Greenpeace revealed, on 5 April 2008, that an accident at the
Spanish nuclear power plant Asco-I had caused significant
radioactive contamination of public areas outside of the plant. The
plant's operator Endesa/Iberdrola had kept this secret for four
months. Even after Greenpeace published details of the accident,
the State regulatory agency CSN continued to underestimate its
severity for several days. Under pressure of evidence it was forced
to admit that the leak was at least one hundred times larger than
originally announced. Hot radioactive particles were spread many
kilometres away from the site and several hundreds of people needed
to be screened for possible contamination.
Both the leak and subsequent contamination, caused by a series
of unexplained errors made by the plant's operators, together with
cover-up attempts by plant management and State authorities, remind
us that the lessons of Chernobyl have still not been learnt.
Greenpeace is calling on the European Commission to launch an
urgent investigation into the accident. 
Meanwhile in France, after only three months of construction of
the Flamanville 3 nuclear plant, inspectors from France's official
nuclear safety agency, ASN, have uncovered a string of problems
with the 'European Pressurised Reactor' (EPR), which the French
nuclear company Areva is promoting as its cheaper, safer and more
reliable 'flagship' design. 
Letters from ASN, addressed to the Director of Development at
Flamanville 3, reveal that the concrete forming the base of the
reactor has been poured incorrectly, the concrete base slab for the
reactor has developed cracks, steel reinforcing bars have been
wrongly arranged, the containment liner has been welded by a
company without the required certification, and one-quarter of the
welds are deficient. In addition, according to the letters, the
implementation plan differs from the approved project
specification, there is ineffective or non-existing quality
control, and the constructor failed to promptly repair mistakes and
"Just as at Chernobyl, we see a situation in Spain and France
where regulations are being flouted and political and economic
interests are being placed before safety and quality concerns.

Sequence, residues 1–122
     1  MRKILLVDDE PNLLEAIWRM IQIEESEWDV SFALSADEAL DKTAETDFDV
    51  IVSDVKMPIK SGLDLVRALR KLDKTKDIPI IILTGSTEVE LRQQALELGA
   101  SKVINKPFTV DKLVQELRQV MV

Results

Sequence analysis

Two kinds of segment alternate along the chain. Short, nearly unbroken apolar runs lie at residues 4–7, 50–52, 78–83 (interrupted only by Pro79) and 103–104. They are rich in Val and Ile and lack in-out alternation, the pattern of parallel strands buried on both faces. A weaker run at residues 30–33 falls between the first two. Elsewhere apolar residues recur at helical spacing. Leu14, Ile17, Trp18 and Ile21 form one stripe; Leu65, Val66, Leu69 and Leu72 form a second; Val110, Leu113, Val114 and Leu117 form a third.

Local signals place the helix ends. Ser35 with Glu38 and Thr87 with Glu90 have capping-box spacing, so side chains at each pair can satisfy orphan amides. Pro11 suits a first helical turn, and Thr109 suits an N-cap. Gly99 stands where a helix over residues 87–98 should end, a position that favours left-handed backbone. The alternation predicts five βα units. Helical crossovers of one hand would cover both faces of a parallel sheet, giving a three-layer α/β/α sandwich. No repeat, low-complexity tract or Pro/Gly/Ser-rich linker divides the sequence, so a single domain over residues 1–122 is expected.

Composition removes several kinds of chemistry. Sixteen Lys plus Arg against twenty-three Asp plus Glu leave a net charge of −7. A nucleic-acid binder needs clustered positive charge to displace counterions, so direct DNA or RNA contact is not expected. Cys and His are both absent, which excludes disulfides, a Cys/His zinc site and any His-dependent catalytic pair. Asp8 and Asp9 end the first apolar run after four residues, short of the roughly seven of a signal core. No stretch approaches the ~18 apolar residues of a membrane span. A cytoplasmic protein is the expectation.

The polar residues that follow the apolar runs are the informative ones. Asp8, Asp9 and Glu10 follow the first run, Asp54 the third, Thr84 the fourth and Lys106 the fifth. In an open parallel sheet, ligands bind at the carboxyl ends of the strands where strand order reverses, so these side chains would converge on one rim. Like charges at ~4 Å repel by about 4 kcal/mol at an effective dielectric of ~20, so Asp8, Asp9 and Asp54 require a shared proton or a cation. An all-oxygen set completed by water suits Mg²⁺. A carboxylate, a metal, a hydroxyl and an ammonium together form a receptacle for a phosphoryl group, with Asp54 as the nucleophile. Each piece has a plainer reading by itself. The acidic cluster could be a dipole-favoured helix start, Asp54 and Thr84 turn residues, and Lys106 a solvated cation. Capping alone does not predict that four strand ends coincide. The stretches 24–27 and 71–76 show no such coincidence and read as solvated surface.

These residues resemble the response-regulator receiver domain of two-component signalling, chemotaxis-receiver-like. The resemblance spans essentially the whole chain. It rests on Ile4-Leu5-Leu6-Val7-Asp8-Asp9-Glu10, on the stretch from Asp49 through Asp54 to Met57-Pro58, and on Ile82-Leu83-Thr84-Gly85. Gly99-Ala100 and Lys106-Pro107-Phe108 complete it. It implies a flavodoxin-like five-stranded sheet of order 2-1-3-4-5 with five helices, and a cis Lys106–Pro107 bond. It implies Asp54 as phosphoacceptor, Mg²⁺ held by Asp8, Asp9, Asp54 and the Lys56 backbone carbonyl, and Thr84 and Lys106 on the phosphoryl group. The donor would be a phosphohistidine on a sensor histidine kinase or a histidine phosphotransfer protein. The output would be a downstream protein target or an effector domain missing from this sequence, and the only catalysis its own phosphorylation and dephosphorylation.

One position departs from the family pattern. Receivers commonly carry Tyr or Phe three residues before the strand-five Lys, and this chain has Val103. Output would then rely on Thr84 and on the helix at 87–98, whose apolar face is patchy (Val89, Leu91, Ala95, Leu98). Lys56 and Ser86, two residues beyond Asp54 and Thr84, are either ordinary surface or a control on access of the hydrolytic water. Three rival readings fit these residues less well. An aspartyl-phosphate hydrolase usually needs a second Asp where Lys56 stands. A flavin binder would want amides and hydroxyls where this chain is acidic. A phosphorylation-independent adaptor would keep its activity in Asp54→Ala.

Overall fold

Sadly, little has changed since 1986. Nuclear power remains a
failed 20th century experiment which has no place in meeting future
energy demand or in helping to avert catastrophic climate change,"
said Jan Beránek, Greenpeace International Nuclear Campaigner.
Flamanville 3 is Areva's second attempt to build an EPR project.
The first, Olkiluoto-3, in Finland, is, after some two and a half
years, already running two years behind schedule. It is over budget
and plagued by serious safety issues. 
"The nuclear industry remains mired in accidents, lies,
cover-ups and incompetence. Today's 'renaissance' reactors are
threatening to become tomorrow's Chernobyls," warned Beránek.
Greenpeace sees no role for nuclear power in cutting the world's
greenhouse gas emissions in half by 2050, to avoid the worst
impacts of climate change. Instead, Greenpeace is calling for an
'Energy Revolution' based on renewable energy sources and energy
efficiency. Governments which opt for nuclear power will also find
their energy independence and security limited to the very few
countries and companies which can provide nuclear technology and
Other contacts: Jan Beránek, Nuclear Campaigner at Greenpeace InternationalTel. +31 6 5110 9558
Notes:  Letter from Greenpeace Spain to European Energy Commission Andris Piebalgs  English translations of the letters from ASN. (Translations arranged by Greenpeace):- the December 2007 inspection - the February 2008 inspection - the March 2008 inspection Original French versions of the letters are available on the ASN website Greenpeace's briefing on Olkiluoto 3 (March 2008)